The U.S. Department of Education awarded only four schools in Connecticut with the 2017 National Blue Ribbon: East Lyme High School, Oakdale Pre K – 5 School in Montville, Thomas W. Mahan School in Norwich and Morris Street School in Danbury. These schools were selected for their outstanding overall achievements recognized by Connecticut’s Next Generation Accountability System. The National Blue Ribbon Program distinguishes schools in two categories — Exemplary High Performing and Exemplary Achievement Gap Closing. East Lyme High School and Oakdale School were both identified as High Performing.

“Three of Connecticut’s four 2017 National Blue Ribbon Schools are located in New London County,” said Rep. Cheeseman, member of the Legislative Higher Education & Employment Advancement Committee. “I am so proud to live, work and serve Southeastern Connecticut. Our esteemed school systems truly deserve this recognition for all the hard work they dedicate to our youth. I congratulate East Lyme High School and know that the parents of my district must feel very confident that their children are being prepared to continue their schooling and/or begin their careers with the best possible education. More than 85 percent of East Lyme High School students participate in school-sponsored activities, teams, and clubs designed to foster important school community connections and academically reports show a four-year graduation rate of 98 percent.”

“Montville is delighted to have such an extraordinary elementary school, especially with their strong language arts and mathematics programs,” said Rep. McCarty, member of the Legislative Education Committee. “Both the teachers and administrative staff at Oakdale School are making an incredible difference in helping our children to succeed in all aspects of academics and activities, as well as deepen an interest in learning.”

“Oakdale School recognizes that the need for a quality education starts young,” said Rep. France. “They are providing a fantastic foundation on which our students can build the rest of their academic and professional lives. Congratulations to Oakdale School; thank you for going above and beyond to inspire your students.”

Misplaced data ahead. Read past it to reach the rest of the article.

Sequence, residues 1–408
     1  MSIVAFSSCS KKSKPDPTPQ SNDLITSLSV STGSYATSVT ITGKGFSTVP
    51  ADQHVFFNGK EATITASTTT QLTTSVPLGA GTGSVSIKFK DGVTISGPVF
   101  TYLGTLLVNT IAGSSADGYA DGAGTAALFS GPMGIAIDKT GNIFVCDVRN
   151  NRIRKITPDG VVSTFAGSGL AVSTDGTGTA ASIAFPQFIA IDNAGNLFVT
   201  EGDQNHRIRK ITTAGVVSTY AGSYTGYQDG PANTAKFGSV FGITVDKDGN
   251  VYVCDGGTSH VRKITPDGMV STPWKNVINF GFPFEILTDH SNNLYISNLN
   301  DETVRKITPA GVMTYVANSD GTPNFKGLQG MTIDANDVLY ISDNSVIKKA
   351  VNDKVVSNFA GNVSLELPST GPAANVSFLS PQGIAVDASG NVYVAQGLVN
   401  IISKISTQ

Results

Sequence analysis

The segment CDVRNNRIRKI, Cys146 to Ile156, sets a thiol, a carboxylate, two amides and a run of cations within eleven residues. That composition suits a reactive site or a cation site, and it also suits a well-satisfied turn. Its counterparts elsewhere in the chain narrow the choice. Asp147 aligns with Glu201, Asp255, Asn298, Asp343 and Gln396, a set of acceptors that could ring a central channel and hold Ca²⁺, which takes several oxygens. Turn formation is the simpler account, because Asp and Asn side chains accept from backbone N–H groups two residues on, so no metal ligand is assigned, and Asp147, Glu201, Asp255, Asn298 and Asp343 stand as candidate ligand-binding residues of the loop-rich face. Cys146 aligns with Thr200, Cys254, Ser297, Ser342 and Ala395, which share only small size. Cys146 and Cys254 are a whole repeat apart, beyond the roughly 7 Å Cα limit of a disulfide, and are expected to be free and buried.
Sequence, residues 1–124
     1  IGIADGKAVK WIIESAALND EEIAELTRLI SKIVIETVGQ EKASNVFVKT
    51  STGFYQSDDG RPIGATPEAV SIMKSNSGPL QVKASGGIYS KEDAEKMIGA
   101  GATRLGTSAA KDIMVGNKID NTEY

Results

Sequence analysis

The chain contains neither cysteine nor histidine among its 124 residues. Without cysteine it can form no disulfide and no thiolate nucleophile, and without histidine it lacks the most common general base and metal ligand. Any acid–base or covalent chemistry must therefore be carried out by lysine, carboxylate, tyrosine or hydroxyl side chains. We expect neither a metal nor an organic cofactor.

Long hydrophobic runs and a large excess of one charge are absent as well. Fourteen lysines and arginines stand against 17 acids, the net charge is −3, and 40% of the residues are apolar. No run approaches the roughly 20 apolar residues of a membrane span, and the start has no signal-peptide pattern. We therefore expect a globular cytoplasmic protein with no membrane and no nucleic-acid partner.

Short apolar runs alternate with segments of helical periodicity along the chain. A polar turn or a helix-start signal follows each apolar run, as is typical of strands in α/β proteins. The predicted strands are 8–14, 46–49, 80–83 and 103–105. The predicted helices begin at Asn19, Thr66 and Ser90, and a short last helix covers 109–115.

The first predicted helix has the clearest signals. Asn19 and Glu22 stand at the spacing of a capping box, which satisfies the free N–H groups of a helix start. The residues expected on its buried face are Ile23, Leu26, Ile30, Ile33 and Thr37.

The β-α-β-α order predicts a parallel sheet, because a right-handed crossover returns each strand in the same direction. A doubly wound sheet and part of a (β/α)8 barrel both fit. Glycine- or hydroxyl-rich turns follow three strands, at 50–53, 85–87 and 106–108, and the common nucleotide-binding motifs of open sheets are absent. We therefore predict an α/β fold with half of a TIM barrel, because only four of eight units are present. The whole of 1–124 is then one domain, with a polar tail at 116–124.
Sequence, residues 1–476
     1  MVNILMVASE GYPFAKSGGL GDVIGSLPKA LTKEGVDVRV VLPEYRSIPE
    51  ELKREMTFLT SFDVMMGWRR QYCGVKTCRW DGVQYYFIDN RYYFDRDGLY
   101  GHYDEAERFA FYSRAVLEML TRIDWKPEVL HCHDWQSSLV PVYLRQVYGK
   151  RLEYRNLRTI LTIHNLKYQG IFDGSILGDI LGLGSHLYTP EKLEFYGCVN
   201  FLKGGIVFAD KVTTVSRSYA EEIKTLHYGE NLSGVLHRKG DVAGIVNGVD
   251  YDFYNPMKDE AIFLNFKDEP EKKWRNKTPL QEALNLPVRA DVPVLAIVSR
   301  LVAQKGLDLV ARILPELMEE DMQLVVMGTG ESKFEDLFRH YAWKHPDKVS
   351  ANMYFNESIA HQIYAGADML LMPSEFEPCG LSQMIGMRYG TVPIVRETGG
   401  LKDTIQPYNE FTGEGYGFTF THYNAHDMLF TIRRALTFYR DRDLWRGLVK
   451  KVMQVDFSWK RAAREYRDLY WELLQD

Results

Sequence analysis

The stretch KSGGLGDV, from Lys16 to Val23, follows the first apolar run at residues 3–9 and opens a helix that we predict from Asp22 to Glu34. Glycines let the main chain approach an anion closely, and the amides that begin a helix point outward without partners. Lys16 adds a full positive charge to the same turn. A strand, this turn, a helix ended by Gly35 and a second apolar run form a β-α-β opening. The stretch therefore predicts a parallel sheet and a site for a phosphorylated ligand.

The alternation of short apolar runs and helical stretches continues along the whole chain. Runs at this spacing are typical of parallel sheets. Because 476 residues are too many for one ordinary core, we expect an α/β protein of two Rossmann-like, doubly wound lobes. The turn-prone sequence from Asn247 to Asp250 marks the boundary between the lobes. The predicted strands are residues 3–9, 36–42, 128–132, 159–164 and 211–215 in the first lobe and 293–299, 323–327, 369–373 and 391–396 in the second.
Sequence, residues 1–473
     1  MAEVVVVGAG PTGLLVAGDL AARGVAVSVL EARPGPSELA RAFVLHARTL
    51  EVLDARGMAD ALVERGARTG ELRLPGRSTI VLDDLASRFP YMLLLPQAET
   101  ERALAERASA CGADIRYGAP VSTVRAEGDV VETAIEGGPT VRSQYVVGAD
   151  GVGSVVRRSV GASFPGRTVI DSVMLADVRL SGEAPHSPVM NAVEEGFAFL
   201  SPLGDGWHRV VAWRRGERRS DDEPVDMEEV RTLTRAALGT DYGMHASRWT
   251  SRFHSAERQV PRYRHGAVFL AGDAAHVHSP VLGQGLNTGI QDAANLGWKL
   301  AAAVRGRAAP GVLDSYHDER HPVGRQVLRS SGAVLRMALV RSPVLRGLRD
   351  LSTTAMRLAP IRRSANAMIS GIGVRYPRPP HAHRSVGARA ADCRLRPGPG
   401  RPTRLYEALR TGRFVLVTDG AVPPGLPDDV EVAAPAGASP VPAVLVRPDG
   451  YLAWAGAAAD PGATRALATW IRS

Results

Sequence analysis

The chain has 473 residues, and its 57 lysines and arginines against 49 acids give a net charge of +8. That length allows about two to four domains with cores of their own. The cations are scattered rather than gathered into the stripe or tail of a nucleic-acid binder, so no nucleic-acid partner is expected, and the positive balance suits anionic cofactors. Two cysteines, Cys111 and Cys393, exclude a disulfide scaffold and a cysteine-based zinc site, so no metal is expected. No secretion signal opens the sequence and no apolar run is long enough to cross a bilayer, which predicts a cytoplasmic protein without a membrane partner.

The legislators stressed the need to continue funding these schools so that they can remain successful well into the future – something that they said is now at risk thanks to the governor’s veto of the bipartisan budget. They are now calling for a legislative override of the veto.

“These achievements prove that we must protect education funding in our state,” said Rep. Cheeseman. “Unfortunately Governor Malloy vetoed the bipartisan budget last week, pushing the Legislature back to square one on solving the budget crisis. There is a chance, however, that the Legislature can vote to overrule his veto and enact the budget. I hope our majority leaders will see how necessary our budget, which preserves education funding, is to Connecticut and call the Legislature back to take this vote.”

“It is a shame that on the first year Montville receives this national distinction, the state is also in a horrible budget crisis that aims direct hits at our schools,” said Rep. McCarty. “I will continue advocating for education funding to ensure that our children can continue participating in quality programs. I would absolutely hate to see our students suffer because a lack of resources degraded the instruction they have thrived with.”

“Last week I stood outside Pleasant Valley Elementary School in Groton with my fellow legislators and local officials and asked the Legislature to override the governor’s budget veto,” said Rep. France. “Pleasant Valley Elementary School is now closed; there are no students or teachers in their classrooms. The Groton Board of Education closed the school because they were financially no longer able to run their programs or support their students and staff. We cannot let this happen to more of our well-loved and high-performing schools like Oakdale. I will continue to keep my constituents updated on any new developments in Hartford.”

Roadwork on I-95 South


Due to a severe infestation of Gypsy Moths this Spring and early Summer, the Connecticut Department of Transportation (DOT) has announced that they will be removing significantly damaged and compromised trees on I-95 southbound between Exits 74 and 70 in Old Lyme. If you travel through this area on your daily commute, or need to pass through here in the next couple of weeks, please expect traffic delays and drive safely.

Removal activities will take place at the direction of a licensed state arborist utilizing machinery and crews specializing in the safe removal of trees. It is estimated that roughly 170 trees, mostly of the Oak variety, are damaged so severely that they will not survive, necessitating proactive removal to safeguard the motoring public. Subsequent to tree removal activities, the areas will be allowed to naturally regrow.

The removal process will begin Monday, September 25, and will be completed by October 9, 2017, weather permitting. Motorists can expect a right-lane closure on this segment of I-95. Crash attenuator vehicles and signing patterns will be utilized to guide motorists through the work zone. The work schedule for this project is from 8:30 a.m. to 3:30 p.m. (Monday – Thursday).